The Jordan River itself proved to be a great photographic subject. Not a large river, but crystal clear and full of little islands. The river is a great trout stream, and a state fish hatchery is located in the Jordan River Valley.
The early spring setting created some interesting light and color effects. The dried grass and leaves created a golden hue, offset by the pale greens of emerging tree leaves and the deep greens of the pines and arborvitae that dotted the landscape. Marsh Marigold bloomed along the river’s banks, and numerous logs extended out into the shallow water, making perfect platforms for getting out into the river for shots of the islands.
The spring landscape, sun dappled water, and grassy islets certainly made for some great subject matter.
The Skegemog Swamp Pathway was another easy walk. The trail follows an abandoned railroad bed into the swamp, ending at an elevated observation platform. The swamp itself was an interesting setting – a great combination of living and dead trees; water, mud, and vegetation. We only spent an hour or so on the trail, but it still provided some great photo opportunities.
Many more shots from this trip:
Around the Jordan River:
Last week Pam and I headed out on a little road trip, driving from Kalamazoo to Colorado with stops along the way. The purpose of the trip was to attend the opening of the Macroworld exhibit in Fort Collins – though in reality we really wanted to just get away from the cloudy snowy Michigan winter
The drive through the Midwest was uneventful, but not boring. I love watching the landscape roll out around the car and the road – changing from woodland to prairie, rolling hills to flat plains, back to hills and then mountains.
The Marcoworld exhibit at the Center for Fine Art Photography was excellent. This was the first exhibit in their new space, and the gallery looked great. The gallery was spacious, the work was well presented, and above all the quality of every print in the show was outstanding. Many of the artists were present – and some even travelled farther than me to get there.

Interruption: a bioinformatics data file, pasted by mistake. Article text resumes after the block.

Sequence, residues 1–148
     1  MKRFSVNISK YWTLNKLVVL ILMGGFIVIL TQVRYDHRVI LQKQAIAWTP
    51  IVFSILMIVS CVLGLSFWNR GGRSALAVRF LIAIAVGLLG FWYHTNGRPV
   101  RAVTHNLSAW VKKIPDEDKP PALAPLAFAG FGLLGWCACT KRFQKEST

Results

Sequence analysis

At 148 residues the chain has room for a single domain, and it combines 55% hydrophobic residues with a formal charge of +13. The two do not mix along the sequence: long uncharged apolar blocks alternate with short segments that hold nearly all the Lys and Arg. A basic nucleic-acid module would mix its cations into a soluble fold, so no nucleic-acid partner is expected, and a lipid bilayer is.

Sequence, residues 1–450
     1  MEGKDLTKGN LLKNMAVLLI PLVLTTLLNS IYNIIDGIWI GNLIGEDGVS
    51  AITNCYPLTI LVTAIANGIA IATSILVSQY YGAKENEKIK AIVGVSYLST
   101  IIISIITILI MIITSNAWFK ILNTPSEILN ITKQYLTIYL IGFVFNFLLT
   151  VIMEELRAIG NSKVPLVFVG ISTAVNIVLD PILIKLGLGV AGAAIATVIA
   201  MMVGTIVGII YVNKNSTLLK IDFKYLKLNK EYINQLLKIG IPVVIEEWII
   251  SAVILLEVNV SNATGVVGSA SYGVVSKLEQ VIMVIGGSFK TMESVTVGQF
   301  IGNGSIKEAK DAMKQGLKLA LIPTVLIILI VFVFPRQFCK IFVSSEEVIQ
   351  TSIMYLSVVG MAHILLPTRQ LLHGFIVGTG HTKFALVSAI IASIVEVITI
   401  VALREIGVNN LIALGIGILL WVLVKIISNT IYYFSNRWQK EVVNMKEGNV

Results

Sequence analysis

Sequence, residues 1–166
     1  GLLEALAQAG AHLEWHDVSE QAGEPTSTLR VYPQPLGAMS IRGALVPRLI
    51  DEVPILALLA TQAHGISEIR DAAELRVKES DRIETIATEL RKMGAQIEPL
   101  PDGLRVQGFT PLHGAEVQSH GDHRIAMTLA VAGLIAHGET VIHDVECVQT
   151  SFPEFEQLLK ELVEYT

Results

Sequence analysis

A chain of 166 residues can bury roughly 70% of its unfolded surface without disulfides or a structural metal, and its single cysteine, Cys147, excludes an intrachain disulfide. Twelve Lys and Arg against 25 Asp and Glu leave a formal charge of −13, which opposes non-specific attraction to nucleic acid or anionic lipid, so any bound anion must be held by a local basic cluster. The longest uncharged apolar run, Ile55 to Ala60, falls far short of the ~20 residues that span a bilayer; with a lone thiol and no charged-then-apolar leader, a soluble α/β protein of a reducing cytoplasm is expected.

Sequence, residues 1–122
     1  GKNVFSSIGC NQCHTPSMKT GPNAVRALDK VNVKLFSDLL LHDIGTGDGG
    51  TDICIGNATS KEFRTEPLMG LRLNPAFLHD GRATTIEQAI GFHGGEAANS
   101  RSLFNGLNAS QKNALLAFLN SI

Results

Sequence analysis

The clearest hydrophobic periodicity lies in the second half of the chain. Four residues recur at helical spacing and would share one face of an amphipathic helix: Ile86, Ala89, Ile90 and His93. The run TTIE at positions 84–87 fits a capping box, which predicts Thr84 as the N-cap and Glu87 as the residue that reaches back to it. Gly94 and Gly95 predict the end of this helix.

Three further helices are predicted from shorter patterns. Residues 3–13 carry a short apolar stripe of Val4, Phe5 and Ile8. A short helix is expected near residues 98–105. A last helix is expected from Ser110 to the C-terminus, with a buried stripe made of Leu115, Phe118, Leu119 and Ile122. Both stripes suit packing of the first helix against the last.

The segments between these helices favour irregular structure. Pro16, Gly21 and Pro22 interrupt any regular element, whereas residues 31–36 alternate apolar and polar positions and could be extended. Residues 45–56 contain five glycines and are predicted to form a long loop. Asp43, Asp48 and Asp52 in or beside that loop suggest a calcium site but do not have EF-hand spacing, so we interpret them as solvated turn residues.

We decided to stay in Loveland, Colorado, since it was more or less midway between Fort Collins and Denver. On Saturday morning we just hopped onto Route 34 and made out way west, toward Estes Park. At the reception Friday evening, one of the local photographers urged us to get into the mountains before we left, and that seemed like the best way to get there.
The drive into Estes Park was great – winding through mountain valleys until reaching the high broad valley were the city of Estes Park is located. Once there we stopped at the visitor center, where we learned that Rocky Mountain National Park was more or less closed – you could enter, but the roads were closed off at the passes a few miles in. As an alternative, we decided to head out on the Route 7 scenic byway, and then link up to the Peak to Peak highway through the mountains.
The drive was excellent. I only pulled off once to take a few photographs – one shown here - but otherwise spent the time tolling around the mountain roads, hitting the occasional snow shower on the way. We reached the small town of Nederland, which was celebrating Frozen Dead Guy Days, and after that drove in fairly heavy traffic back to Boulder.
Sunday proved to be the most interesting day for photography. On Saturday evening we visited friends who live in the area, and they suggested the Garden of the Gods as a destination. So on Sunday morning we drove down to Colorado Springs to explore this location.
The Garden of the Gods is home to fascinating and huge rock formations. It’s a Colorado Springs city park, and was donated to the city in the 19th century. We arrived at the tail end of an overnight snow, with clouds still low in the air and a light snow on the ground. By mid afternoon the sky had cleared and the surprising warm March sun was shining in full glory. The park was pretty full with tourists and rock climbers, but it still offered some great photographic opportunities. I took lots of photos during the afternoon, and spent the next few nights in hotels on the road working the images in Photoshop.
So that is it – a couple of days of photography and then back on the road, finally arriving in a still snow covered Michigan – hopefully just a few weeks away from a long awaited spring.